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Emotional intelligence (EI) abilities relate to desirable outcomes such as better well-being, academic performance, and job performance. Previous research shows that coping strategies mediate the effects of ability EI on such outcomes. Across two cross-sectional studies, we show that coping strategies mediate the relationships of ability EI with both well-being (life satisfaction, psychological well-being) and ill-being (depression, anxiety, stress). Study 1 ( N = 105 first-year university students, 78% female) assessed EI with the Situational Test of Emotion Understanding (STEU) and Situation Test of Emotion Management (STEM). Avoidant coping significantly mediated the relationship of both the STEU and STEM with depression, anxiety, stress, and psychological well-being. EI was associated with lower avoidant coping, higher well-being and lower ill-being. Study 2 ( N = 115 first-year university students, 67% female) assessed EI with the Mayer–Salovey–Caruso Emotional Intelligence Test (MSCEIT). Avoidant coping mediated the relationship between EI and ill-being, but not the relationship between EI and well-being. These effects were significant for three of the four EI branches—emotion perception, understanding, and management. We discuss possible reasons why avoidant coping may be an active ingredient by which lower EI relates to lower well-being. We also discuss a possible application of our findings—that EI training programs might benefit from including content aimed at reducing avoidant coping.
... Previous research findings have shown that similar interventions to improve EI or EC, for instance in two meta-analyses consulted, pointed to moderate improvements (Mattingly & Kraiger, 2019;Hodzic et al., 2018). Montalvo (2021), on the other hand, reported 31 studies that demonstrated in general positive improvements in EC in similar programs. ...
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Research on emotional competence development (ECD) in university students is scarce and shows mixed results. This research establishes what is possible to expect from an optional self-leadership program (SLP) consisting of eight workshops of three hours each, and with a student-centered and experiential approach. The research method was a mixed DEXPLIS design (n=126), which is quasi-experimental ex-post-facto for the first quantitative phase, with experimental and control groups where the CDE A35 self-informed instrument of Bisquerra and Pérez-Escoda was administered, and with participation in qualitative interviews in the second phase. The results indicate global progress in ECD, more evident in intrapersonal emotional competence (EC), although the SLP has not been effective in interpersonal EC. The students perceive their ECD as being very important. In the European Higher Education Area (EHEA), ECD is part of the acquisition of generic or transversal competences, which contribute to more effective and integral training, as well as to a better preparation for the world of work.
... Emocinio intelekto terminas -viena labiausiai prieštaringų sąvokų moksliniuose tyrimuose. Įvairių autorių pateikiami emocinio intelekto apibrėžimai kai kuriais aspektais sutampa, tačiau esama ir požiūrių skirtumų (Mattingly & Kraiger, 2019). Kai kurie mokslininkai emocinį intelektą apibrėžia kaip gebėjimą samprotauti apie emocijas, kiti jį traktuoja kaip asmenybės bruožų, tokių kaip pasiekimų motyvacija, lankstumas, laimingumas, savigarba ir t. t., rinkinį (Mayer et al., 2008). ...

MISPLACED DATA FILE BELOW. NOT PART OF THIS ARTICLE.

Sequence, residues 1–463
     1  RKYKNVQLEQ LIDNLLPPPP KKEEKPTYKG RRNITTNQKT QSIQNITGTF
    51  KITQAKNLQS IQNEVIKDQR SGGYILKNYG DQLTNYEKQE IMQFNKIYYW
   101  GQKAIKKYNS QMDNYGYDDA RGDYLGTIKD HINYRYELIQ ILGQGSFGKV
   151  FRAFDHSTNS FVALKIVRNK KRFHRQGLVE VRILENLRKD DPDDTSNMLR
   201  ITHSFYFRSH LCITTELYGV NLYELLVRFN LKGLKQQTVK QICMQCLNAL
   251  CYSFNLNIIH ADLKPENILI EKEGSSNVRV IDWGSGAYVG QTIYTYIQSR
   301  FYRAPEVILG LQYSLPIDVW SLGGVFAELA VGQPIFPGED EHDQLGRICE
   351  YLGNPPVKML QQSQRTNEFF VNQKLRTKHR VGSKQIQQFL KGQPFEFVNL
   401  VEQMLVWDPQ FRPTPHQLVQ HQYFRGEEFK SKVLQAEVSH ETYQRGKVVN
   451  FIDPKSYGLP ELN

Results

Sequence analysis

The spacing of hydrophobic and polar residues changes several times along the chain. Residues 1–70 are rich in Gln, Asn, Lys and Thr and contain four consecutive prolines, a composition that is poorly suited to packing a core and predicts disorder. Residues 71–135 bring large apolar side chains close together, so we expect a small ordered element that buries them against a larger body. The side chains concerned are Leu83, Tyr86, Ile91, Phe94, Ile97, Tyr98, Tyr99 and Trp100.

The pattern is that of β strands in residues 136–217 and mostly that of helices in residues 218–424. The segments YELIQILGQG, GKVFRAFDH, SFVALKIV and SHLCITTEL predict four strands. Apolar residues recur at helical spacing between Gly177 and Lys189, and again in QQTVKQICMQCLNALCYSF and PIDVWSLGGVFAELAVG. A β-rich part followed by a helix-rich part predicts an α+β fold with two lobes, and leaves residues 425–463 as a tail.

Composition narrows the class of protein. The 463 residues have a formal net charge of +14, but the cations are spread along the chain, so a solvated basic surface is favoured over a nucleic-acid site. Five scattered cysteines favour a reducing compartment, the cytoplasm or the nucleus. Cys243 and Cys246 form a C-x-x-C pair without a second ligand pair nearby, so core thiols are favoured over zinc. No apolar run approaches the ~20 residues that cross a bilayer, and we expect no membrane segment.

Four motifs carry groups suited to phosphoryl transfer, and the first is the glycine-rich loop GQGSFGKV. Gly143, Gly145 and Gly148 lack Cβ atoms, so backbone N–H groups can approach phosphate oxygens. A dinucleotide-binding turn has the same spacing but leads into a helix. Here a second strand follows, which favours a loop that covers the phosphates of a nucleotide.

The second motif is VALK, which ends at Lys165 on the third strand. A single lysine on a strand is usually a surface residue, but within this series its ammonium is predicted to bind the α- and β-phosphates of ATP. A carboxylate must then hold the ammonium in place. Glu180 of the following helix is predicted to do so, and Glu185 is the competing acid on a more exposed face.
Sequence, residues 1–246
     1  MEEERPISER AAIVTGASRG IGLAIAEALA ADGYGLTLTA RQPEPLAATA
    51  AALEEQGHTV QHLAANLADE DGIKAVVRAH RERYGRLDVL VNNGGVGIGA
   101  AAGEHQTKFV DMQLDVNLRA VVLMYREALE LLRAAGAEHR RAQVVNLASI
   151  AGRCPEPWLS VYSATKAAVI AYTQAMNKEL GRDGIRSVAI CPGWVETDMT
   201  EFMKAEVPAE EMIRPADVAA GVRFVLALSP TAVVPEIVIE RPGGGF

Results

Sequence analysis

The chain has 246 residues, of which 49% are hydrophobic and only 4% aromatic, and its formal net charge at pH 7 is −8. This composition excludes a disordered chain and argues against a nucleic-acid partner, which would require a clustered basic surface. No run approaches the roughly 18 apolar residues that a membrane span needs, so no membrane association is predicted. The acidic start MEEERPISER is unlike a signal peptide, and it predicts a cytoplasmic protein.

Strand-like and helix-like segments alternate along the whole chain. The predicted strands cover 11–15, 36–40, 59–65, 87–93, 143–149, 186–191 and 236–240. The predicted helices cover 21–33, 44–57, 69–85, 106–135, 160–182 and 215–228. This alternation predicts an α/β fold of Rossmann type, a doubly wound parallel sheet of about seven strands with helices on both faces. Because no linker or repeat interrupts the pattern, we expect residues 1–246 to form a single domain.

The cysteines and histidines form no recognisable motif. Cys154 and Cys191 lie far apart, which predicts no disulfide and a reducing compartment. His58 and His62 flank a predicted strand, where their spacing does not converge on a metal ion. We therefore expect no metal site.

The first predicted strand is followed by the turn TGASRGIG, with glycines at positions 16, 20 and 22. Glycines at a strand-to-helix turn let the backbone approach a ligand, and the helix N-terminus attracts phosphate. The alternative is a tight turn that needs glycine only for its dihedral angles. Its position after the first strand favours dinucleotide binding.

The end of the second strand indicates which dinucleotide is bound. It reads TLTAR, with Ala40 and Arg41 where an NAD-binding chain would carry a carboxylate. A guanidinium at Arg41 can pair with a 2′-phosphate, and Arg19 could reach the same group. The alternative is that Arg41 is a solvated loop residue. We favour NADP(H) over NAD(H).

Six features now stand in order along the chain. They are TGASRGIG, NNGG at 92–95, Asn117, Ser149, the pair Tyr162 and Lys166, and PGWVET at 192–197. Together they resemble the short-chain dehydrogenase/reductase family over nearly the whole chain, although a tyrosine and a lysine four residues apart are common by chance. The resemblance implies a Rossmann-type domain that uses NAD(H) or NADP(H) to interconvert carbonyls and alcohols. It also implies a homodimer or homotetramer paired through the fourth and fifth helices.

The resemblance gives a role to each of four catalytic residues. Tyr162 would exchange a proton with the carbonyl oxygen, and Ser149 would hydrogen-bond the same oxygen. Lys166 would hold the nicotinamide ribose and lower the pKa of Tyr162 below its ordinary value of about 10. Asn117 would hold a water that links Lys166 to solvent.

... Understanding the environmental determinants of emotional intelligence is important. Increasing emotional intelligence may be possible through training programs, but such interventions require people to be recruited and enrolled in such programs (Hodzic et al., 2017;Kotsou et al., 2019;Mattingly and Kraiger, 2019). In contrast, if the environment impacts emotional intelligence without the need for training or intentional behavior modifications, these interventions could have impacts in long-lasting and cost-effective ways (Branas et al., 2016;Chen, 2020). ...
Article
Trait emotional intelligence reflects a set of self-perceptions and behavioral tendencies to empathize with others and manage one's own emotions. Trait emotional intelligence is a valuable characteristic since it can aid social interaction, bolster subjective wellbeing, and predict career success. Past research suggests that brief exposures to greenspace can enhance outcomes related to facets of trait emotional intelligence. The current study employed a retrospective life course analysis to examine whether residential greenness and other aspects of the residential environment predict trait emotional intelligence in early adulthood. Childhood exposure for 297 college students was based on up to three home addresses from birth to age 18, weighted by residency duration. Greenspace was calculated with normalized difference vegetation index (NDVI) values in 500 m and 1000 m buffers. Partially supporting our predictions, we found emotional intelligence in young adults growing up in lower-income areas was positively associated with cumulative neighborhood greenness around childhood homes. The opposite pattern was found for those who grew up in higher-income areas, with greater greenness500-m being associated with lower emotional intelligence scores. These are the first reported findings involving physical/natural environmental correlates of emotional intelligence and among the first to suggest an equigenic effect of greenspace on socio-emotional outcomes whereby exposure might help overturn inequalities rather than merely reduce them. If a causal link exists between nature exposure and emotional intelligence, then neighborhood greening might help children who begin life at a societal disadvantage through enhancing their ability to understand, use, and manage emotions.